Regional cerebral blood flow (rCBF) was studied autoradiographically in a murine model of focal epidural brain compression, and the effect of vitamin E administration was investigated. Mean cortical CBF was reduced to 0.48 to 0.50 ml/gm/min following 2 or 24 hours of compression. Early (2 hours) following subsequent decompression, a mixed pattern of hypoperfusion and hyperperfusion was observed. Twenty-four hours later, rCBF heterogeneities were less marked. Comparisons among animal groups raised on vitamin E-supplemented, vitamin E-normal, and vitamin E-deficient diets 2 hours after decompression revealed marked reductions in rCBF in the previously compressed cortex of the last two groups and hyperemia of the underlying hippocampus. The vitamin E-supplemented rats showed increased flow in the previously compressed cortex. In addition, vitamin E supplementation tended to eliminate rCBF gradients between subjacent zones. These data may help explain our previous observations of the beneficial effects of vitamin E on compression-induced brain edema.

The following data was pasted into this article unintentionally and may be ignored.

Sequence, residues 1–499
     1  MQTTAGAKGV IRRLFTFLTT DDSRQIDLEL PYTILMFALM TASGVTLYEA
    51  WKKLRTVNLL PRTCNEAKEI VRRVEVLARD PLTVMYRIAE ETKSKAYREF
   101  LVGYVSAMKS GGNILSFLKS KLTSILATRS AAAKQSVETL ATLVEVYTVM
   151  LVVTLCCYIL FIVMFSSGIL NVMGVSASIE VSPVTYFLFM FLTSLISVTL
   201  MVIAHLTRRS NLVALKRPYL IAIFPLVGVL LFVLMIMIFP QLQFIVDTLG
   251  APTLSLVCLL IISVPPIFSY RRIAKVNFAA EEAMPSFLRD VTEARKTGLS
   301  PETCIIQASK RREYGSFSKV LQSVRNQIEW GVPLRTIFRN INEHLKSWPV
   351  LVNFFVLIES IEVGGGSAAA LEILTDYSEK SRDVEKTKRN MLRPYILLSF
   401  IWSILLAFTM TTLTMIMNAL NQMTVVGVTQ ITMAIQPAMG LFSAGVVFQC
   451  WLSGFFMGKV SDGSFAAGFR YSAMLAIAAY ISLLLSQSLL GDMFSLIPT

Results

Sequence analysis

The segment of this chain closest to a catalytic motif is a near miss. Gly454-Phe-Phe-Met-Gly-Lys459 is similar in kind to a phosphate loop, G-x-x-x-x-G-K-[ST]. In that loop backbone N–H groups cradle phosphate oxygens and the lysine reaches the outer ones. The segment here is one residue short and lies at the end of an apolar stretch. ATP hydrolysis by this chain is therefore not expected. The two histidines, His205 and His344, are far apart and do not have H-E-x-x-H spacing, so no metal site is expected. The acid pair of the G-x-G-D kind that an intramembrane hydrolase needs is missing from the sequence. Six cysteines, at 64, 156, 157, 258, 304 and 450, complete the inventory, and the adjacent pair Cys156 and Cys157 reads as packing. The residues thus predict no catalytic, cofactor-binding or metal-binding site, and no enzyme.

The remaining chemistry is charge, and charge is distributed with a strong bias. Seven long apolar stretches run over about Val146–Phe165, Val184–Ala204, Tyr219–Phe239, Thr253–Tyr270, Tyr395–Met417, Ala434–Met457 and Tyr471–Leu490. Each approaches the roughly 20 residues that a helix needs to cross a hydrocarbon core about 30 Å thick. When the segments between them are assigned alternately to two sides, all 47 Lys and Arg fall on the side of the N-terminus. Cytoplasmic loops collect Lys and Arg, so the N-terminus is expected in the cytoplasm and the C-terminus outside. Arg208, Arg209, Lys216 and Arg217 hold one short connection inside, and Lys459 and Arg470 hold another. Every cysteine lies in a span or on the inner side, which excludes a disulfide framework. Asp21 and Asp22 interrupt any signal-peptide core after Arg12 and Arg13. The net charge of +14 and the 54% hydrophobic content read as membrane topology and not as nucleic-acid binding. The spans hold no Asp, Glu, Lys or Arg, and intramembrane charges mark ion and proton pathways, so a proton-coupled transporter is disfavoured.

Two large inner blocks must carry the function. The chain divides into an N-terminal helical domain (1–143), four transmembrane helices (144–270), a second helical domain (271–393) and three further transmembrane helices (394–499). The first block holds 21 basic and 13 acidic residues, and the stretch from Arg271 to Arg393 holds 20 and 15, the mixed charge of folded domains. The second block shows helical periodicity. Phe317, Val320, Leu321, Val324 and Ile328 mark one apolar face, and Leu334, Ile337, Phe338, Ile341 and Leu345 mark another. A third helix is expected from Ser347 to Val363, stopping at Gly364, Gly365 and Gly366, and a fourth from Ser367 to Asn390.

ASJC Scopus subject areas
- Clinical Neurology